T Nation

Peak Oil


This is something I ran into a year or so ago and I’ve been reading a bit about it. Its an idea some of you are probably familiar with and others may not be.

Basically, the plot of an individual oil well’s output against time is a bell curve; first the oil comes out slowly, then it peaks, then it declines. Some guy went and did the math adding up all the contributions from each well and speculated future wells calculating the cumulative output of oil from the earth to be a big bell curve, mirroring the same graph of an individual well on a larger scale.

Many estimates put the peak at right around 2010. This means that oil production will be declining from about now until it is gone.

Additionally, less net energy is gained from the oil as more energy has to be used to get it; First, the oil was under pressure and it flowed out naturally and now energy has to be used to pump it out. Additionally, as land wells dry out, people move to offshore locations requiring the building of oil rigs in deep, deep water which naturally requires a lot of energy to build and maintain as well. This energy has to be subtracted from the amount of energy produced from the oil in the well.

Westernized, industrial life is dependent on oil in every way imaginable. From oil to heat ones home, to drive to work, to watch TV and jerk around on the internet, etc. Also, oil based pesticides and fertilizers are used to grow crops, which are harvested by gasoline driven machines, which in turn are processed in plants powered by electricity from power plants. Pretty much every good produced and a lot of services are dependent on oil in some way shape or form.

This translates to economies as these goods and services have some value and are traded for money. Peak oil states, that sooner or later, supply and demand will drive the cost of oil above value of goods that can be produced with it. Then shit will hit the fan. Many people have theorized that the current financial crisis is the first in a long line of calamities that will slowly decay life as we know it.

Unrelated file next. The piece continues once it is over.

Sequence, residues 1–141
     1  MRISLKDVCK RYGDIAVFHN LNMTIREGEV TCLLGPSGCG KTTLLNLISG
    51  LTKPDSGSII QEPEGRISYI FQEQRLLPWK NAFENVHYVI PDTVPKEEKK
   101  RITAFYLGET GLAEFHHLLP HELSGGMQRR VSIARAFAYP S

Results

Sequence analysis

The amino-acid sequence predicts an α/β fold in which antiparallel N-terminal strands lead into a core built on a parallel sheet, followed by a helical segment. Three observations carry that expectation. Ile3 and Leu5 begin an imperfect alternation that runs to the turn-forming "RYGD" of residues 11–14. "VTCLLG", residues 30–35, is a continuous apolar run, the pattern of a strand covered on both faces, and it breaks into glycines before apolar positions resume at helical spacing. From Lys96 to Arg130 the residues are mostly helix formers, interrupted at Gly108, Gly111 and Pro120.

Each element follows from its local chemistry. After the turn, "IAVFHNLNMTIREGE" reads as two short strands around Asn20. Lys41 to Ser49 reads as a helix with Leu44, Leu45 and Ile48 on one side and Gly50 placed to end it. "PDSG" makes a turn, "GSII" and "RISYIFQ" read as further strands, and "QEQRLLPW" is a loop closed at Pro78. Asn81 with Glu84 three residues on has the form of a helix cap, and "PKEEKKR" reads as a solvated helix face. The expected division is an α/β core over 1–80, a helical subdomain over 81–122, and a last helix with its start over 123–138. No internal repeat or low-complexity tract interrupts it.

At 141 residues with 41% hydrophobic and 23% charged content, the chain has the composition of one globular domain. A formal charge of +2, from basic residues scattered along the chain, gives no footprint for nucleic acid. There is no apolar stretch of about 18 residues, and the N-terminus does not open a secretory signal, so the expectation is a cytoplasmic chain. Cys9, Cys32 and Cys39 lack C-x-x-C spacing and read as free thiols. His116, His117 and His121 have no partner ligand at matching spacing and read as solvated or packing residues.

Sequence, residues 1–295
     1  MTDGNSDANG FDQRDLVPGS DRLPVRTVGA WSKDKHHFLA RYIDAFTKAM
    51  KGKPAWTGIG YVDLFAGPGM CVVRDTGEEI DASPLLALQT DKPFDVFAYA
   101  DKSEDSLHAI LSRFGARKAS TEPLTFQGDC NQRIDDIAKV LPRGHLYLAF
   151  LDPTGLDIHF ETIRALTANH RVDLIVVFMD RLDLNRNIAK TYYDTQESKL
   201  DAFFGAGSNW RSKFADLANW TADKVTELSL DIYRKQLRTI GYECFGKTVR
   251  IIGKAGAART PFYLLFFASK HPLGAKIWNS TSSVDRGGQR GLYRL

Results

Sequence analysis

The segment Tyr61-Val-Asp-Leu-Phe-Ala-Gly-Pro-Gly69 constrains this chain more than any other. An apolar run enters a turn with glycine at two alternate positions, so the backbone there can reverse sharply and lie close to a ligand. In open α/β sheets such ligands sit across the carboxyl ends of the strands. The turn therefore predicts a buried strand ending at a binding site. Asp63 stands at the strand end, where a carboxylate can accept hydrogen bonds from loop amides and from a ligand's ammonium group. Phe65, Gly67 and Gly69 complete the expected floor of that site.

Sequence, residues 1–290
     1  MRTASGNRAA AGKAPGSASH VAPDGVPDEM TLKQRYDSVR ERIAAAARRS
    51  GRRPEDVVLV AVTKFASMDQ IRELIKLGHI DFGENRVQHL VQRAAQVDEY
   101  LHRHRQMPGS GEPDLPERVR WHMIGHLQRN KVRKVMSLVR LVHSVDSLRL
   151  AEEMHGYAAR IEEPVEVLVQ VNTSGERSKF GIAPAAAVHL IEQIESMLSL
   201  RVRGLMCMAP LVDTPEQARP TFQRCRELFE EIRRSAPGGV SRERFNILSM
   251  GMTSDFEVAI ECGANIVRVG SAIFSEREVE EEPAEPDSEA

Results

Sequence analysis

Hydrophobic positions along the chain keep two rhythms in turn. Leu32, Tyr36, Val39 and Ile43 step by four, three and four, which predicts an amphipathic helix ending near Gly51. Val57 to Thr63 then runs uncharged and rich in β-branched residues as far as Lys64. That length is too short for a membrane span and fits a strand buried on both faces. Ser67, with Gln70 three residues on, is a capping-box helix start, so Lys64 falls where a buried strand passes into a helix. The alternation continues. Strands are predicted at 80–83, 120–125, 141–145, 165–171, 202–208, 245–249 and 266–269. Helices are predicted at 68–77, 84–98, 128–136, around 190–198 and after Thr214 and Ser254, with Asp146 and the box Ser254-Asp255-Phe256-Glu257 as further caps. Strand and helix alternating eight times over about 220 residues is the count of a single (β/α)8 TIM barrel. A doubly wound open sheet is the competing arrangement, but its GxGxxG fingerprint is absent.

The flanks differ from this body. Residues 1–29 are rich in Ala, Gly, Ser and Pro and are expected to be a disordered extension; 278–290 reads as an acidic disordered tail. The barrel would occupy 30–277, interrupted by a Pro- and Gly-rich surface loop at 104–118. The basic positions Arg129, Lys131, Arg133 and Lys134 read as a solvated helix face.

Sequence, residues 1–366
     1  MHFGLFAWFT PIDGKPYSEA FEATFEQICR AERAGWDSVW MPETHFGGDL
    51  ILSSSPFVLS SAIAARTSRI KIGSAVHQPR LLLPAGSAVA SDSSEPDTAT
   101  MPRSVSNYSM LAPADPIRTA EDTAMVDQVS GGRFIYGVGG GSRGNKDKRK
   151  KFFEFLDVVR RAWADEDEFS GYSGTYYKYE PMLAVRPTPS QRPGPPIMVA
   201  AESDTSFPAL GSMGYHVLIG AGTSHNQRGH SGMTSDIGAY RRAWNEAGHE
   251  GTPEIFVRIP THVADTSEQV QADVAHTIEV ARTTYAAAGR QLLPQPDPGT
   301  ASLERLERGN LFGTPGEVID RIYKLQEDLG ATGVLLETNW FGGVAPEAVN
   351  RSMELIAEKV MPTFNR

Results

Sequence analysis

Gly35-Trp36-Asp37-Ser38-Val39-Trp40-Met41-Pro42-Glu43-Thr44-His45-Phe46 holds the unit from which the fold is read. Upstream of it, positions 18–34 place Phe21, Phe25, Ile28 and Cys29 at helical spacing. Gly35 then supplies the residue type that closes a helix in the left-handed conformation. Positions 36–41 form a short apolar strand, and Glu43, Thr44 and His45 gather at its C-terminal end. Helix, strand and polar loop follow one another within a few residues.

Now, this all seems perfectly rational to me, that oil is a finite resource and it is largely treated as an infinite one, and I’m as much to blame as anybody. I’m very concerned about this, considering the time frames I have read about will occur through my adult years.

Now, I would like to hear others opinions and thoughts, and I’m kind of looking for somebody to tell me it is bullshit, when every rational bone in my body is saying tough luck because I’m going to have to deal with it.

Is peak oil a real issue or a conspiracy theory?

If it turns out to be a real threat, would you be willing to change your lifestyle and attempt to use less energy? How far would you take it, such as driving a smaller car, riding a bike as a primary means of transportation, relocating to an area less susceptible to the fallout, move out to the middle of the woods, learn how to make a windmill out of lumber and an alternator, repair build small engines, etc.?

If you do feel it is a threat, how have you changed your habits and lifestyle?

If you do feel it is a threat, how have you prepared for the result?

Do you know if this represents tar sand and shale? I have heard that possibly the largest concentration of oil known to us lies in the tar sands around Alberta (Athabasca?). This type of deposit wan once not even counted because of the cost. At the time I last looked into it (years ago) oil had to be approx $26 or above to make it cost effective. Obviously, that has been the case for a while.

I believe the US has perhaps the largest deposits of shale oil. Colorado and surrounding area has a high concentration if I remember correctly. Again, hard to process and has negative environmental potential.

I remember reading a paper that tried to make a point that it was very smart that the US was purchasing the majority of their oil from other countries. As the rest of the world’s supplies began to wear down, the technology to process shale and tar sands would be much further along and we would be in a much more advantageous position.

I must emphasize that I have no special knowledge on this subject. Just remember the results of a previous curiosity. Interesting topic, however.

  1. the middle east is fast running out of oil. Hopefully they pump Iraq dry as soon as possible. this should simplify US foreign policy in the region.

  2. they can only predict current proven reserves. We find new reserves all the time. The stuff is seeping out of the ground in the gulf. If we ever get around to increased discovery and drilling, that might extend the supply by a bit.

  3. Doubt it includes shale and sand. Don’t know for sure, but these types of predictions usually only include oil that is economical to extract at current prices, with current technologies

  4. experts have been predicting shortages since we first discovered the stuff.

the middle east is not “fast running out of oil.” not to mention, west africa is basically floating on top of the stuff. once china’s growth levels out shortages won’t be a concern for a while.